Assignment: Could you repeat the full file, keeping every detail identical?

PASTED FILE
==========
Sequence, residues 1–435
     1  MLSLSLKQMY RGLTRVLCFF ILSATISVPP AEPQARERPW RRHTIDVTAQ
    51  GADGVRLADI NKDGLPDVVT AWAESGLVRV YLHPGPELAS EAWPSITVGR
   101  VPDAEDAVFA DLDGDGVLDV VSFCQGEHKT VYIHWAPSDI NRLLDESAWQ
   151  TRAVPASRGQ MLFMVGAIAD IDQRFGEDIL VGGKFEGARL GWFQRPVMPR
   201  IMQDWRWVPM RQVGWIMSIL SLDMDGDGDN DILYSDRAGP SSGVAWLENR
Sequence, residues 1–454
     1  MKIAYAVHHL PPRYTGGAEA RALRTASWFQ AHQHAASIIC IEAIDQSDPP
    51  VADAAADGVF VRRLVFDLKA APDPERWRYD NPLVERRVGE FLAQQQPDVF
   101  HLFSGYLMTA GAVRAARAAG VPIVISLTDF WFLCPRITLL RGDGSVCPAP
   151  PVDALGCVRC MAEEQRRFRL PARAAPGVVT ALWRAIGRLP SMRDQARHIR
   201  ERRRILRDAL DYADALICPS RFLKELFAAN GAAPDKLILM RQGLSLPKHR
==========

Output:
Sequence, residues 1–435
     1  MLSLSLKQMY RGLTRVLCFF ILSATISVPP AEPQARERPW RRHTIDVTAQ
    51  GADGVRLADI NKDGLPDVVT AWAESGLVRV YLHPGPELAS EAWPSITVGR
   101  VPDAEDAVFA DLDGDGVLDV VSFCQGEHKT VYIHWAPSDI NRLLDESAWQ
   151  TRAVPASRGQ MLFMVGAIAD IDQRFGEDIL VGGKFEGARL GWFQRPVMPR
   201  IMQDWRWVPM RQVGWIMSIL SLDMDGDGDN DILYSDRAGP SSGVAWLENR
Sequence, residues 1–454
     1  MKIAYAVHHL PPRYTGGAEA RALRTASWFQ AHQHAASIIC IEAIDQSDPP
    51  VADAAADGVF VRRLVFDLKA APDPERWRYD NPLVERRVGE FLAQQQPDVF
   101  HLFSGYLMTA GAVRAARAAG VPIVISLTDF WFLCPRITLL RGDGSVCPAP
   151  PVDALGCVRC MAEEQRRFRL PARAAPGVVT ALWRAIGRLP SMRDQARHIR
   201  ERRRILRDAL DYADALICPS RFLKELFAAN GAAPDKLILM RQGLSLPKHR